What's a headless CMS? That sounds scary, Rian.

Rian Schmidt

March 06, 2024

Table of Contents:

What's a CMS?
So Why Not Wordpress?
Enter the Headless CMS
Why Not Just Use a Database?

What's a CMS?

Let's start at the beginning. A CMS is a Content Management System. You use it to, well, manage your content. OK, let me back up.

Back in the day, if you wanted to present your blog, let's say, you'd write some HTML. You'd create a page for each article, and you'd link to your article by hand. If you added another article, you'd go into your HTML, edit your list, and add your new link. But then... red, which was cool at first, became uncool, and we all decided stuff should be blue, and so we all had to open up all those files we just created and edit every one to remove all the angry red stuff and make it nice, calming, trustworthy blue. It took forever.

Then, at some point, some genius decided we should put all the "content"-- the actual article and title and whatnot-- into an XML file, which is basically just as bad as HTML, only worse, and then process it through a "template" made out of XSLT, which is like... HTML, also, but also Javascript kinda, but neither. And this idea was terrible.

BUT! The good part was the separating out the content idea. If we could just store that stuff in a database somewhere and then stuff it into a template made out of something less terrible, we'd be onto something! Enter the modern CMS.


So, bad ideas abounded for a while (and I tried them all). But eventually, in about 2003, Wordpress was released. It combined the hacky, anyone-can-contribute nature of the programming language, PHP, with the basic needs of most blog users and hit the sweetspot for freeness, ease-of-use, and CONTENT MANAGEMENT.

Wordpress is a server-side CMS that allows users to add plugins to do various tasks like SEO and search for them. Other plugins provide template editing capability that, in theory, makes learning HTML unnecessary. It competed with other CMSs that cost millions of dollars and required a whole staff to manage. If you need something special, wait a minute, and someone will cook up a plugin for it.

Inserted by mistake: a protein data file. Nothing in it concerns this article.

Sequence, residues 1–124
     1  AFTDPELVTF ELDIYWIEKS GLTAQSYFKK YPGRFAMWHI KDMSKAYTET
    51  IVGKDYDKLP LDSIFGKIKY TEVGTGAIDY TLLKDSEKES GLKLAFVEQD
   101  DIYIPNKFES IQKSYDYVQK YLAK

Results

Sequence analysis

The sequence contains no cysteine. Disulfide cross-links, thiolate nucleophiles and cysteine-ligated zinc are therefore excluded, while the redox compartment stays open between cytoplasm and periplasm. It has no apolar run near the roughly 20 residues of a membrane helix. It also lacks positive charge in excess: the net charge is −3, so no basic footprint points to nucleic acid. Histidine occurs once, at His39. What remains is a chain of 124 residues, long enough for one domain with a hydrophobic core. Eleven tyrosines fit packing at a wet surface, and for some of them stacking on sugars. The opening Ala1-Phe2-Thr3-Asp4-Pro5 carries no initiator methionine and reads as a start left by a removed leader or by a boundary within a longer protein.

Still, today, Wordpress is the most popular CMS in the world. By a long shot. You go into the admin panel, there's a list of pages, you type in your stuff, apply a template, and bingo! You've got a blog!

So Why Not Wordpress?

I have no intention of kicking Wordpress. It's great for what it does. It makes content management accessible. It's free(ish). Millions of sites run Wordpress and will for the foreseeable future. Buuuuuut...

Anyone who's managed Wordpress knows that it can be a mess. Required upgrades tied to upgrades that can't be installed because they'll break something else. Security issues. All those plugins have a nasty habit of not playing well together. If a template builder gets screwed up, it's easy to find yourself trying to untangle something that you installed to actually make your life easier.

Suffice to say, it's a "pay me now or pay me later" situation. I get a lot of work digging people out of their Wordpress rubble.

And then there's the coupling. With Wordpress, everything operates inside of it. It deals with the database. It generates and serves the pages. All via a templating system that, and I mean no disrespect, is an absolute mess.

Enter the Headless CMS